15. It's weird, my usually very opinionated and loud internal editor was silent during this book too. She had plenty to say after I finished, but while I was reading I was very sucked in. This is a good possible explanation for it :)

    Sarah Allen
    (my creative writing blog)

  16. I do have a death factor in my actual death. I came to the point where I knew, to make the story realistic, I had to kill off a sympathetic character. Once I figured that out, I had to put the thing away for a few weeks before I could make myself write it. It was hard, but I think/hope, it make the story better.

  17. Oh story has a group of teens that have to battle the supernatural in their dreams. If they are killed in their sleep, then they will never awaken.

    But I do find it hard to keep that suspense up. I don't want my teens trying to kill each other! But in the series, they will have to help others battle for their lives.

    That's what makes a story fun! :)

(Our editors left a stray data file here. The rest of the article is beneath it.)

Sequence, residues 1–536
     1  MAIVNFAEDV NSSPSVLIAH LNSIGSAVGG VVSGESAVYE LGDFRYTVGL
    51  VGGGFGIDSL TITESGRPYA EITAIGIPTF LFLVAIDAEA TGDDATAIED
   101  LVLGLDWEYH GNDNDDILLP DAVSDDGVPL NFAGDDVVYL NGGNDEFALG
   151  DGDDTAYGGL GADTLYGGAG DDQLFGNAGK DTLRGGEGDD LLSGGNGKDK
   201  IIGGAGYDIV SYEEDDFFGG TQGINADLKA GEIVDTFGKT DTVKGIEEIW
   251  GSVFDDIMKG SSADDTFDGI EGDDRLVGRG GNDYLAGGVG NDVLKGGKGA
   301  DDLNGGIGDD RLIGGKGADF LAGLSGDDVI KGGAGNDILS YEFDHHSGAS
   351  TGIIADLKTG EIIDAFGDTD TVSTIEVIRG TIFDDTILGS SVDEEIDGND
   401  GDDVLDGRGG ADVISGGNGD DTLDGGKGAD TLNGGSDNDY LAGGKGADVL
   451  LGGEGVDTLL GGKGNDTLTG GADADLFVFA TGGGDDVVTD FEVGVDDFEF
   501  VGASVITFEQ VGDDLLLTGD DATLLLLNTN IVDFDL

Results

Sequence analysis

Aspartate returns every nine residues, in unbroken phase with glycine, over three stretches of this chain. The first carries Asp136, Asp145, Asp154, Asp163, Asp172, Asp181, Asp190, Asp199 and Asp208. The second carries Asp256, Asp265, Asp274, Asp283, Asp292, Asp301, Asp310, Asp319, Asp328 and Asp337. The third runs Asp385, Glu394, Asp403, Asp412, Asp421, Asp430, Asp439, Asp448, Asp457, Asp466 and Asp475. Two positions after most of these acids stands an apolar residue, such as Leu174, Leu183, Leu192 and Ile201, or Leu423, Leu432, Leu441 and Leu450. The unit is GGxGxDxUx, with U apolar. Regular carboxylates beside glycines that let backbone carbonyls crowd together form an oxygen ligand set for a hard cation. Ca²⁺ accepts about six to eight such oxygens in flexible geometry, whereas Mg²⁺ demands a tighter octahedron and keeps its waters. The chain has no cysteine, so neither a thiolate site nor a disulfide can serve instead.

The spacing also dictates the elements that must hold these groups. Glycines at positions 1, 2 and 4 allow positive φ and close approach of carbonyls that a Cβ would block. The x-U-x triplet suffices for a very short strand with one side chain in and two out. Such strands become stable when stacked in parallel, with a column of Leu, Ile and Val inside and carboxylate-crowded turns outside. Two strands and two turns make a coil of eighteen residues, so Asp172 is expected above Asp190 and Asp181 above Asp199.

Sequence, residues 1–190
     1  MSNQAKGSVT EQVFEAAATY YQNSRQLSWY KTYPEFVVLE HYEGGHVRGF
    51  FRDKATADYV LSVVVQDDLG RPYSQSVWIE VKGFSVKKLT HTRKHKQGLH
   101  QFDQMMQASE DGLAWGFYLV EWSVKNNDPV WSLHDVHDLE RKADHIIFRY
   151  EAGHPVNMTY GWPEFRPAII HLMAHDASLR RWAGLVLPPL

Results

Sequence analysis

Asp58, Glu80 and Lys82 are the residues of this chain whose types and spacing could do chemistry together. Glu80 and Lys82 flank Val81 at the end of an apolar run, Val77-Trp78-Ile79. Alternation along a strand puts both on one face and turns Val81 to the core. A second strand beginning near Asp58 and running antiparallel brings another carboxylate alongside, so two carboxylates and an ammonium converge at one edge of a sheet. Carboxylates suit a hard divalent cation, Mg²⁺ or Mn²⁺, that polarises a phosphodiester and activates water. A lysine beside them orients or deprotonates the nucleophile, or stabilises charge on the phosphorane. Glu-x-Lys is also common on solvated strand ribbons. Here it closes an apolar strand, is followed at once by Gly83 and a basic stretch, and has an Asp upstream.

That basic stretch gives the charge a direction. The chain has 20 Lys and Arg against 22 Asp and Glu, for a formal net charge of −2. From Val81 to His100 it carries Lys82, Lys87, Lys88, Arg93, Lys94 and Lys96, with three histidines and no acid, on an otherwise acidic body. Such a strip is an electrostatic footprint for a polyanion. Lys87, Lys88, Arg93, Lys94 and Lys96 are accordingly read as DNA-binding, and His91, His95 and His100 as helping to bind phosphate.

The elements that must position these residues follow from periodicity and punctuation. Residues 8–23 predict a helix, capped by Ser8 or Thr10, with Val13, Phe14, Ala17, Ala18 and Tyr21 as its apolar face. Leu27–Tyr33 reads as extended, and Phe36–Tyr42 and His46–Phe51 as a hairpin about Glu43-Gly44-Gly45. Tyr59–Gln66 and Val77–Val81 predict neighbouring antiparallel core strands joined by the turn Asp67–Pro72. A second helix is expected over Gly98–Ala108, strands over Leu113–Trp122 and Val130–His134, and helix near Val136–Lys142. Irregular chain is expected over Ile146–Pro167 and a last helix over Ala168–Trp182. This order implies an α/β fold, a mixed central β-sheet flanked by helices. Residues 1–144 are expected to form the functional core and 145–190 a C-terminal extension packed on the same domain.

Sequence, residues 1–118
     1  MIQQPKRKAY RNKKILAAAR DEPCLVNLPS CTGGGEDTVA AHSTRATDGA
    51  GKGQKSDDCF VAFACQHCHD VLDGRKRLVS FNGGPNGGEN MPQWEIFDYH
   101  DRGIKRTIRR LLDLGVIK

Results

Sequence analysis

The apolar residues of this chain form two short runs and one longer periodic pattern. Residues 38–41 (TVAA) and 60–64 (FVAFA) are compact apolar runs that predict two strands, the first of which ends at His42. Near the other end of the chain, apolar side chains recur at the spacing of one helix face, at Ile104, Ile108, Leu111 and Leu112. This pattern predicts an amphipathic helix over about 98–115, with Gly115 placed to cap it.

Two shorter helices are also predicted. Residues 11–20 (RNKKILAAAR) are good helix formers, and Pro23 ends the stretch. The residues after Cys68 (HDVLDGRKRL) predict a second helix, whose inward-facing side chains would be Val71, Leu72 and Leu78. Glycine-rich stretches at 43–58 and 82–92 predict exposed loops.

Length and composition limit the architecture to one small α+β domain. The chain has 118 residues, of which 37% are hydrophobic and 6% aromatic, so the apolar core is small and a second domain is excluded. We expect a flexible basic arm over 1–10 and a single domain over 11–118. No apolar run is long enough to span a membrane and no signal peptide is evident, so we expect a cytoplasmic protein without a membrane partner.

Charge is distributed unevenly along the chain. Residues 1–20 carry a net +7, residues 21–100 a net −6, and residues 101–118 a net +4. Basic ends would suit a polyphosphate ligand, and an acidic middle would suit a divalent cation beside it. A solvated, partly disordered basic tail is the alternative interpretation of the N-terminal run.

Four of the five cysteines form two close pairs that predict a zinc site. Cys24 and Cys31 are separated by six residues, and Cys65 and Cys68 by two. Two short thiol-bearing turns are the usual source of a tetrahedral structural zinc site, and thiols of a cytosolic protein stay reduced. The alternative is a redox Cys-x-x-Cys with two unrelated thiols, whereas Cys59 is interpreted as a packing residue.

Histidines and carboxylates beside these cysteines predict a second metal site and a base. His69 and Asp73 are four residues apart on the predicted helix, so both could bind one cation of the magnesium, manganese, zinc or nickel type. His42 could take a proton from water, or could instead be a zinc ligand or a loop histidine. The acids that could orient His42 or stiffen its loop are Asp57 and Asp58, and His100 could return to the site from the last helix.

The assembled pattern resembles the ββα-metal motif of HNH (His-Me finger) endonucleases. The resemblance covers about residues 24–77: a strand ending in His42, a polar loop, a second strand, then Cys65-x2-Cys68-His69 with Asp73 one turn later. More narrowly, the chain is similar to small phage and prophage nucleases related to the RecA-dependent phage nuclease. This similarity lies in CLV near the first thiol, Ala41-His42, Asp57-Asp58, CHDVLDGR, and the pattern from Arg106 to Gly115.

18. I usually read books with a stack of post-it notes and a pen in hand so I can jot down all the things I want to mention in my review, but with The Hunger Games I didn't even think about it until I was finished reading. It was just so fast-paced and suspenseful that I couldn't put it down for even a second.

  19. My internal editor stayed miraculously silent when I was reading the entire Hunger Games trilogy.

    And excellent thoughts on the Death Factor. The two novels that are currently at the foremost of my mind--a two part series--deals with this a lot. The first book is done, and being released next week; I'm working on writing the second one, and both of them are full of stakes and the threat of death or near death--and you're right, it doesn't have to be (and it isn't) always physical.

    Thanks for sharing!

  20. Great poiints about the death factor and I agree. Putting this in my notes for my outline of my WIP.

  21. Ok, I'm putting this on my to-read list now.

    However, I agree with what another commenter said - I think I prefer the death factor to not be intense if its not essential to the romance, or not historically accurate, or otherwise necessary to the plot. I find that my internal editor goes on high alert when I find death threats and drama in situations that doesn't warrant it (I like to call it "made up drama). For me, this is worse for the story than having no pressing death factor at all. In my opinion not all books can make use of the death factor, nor should they.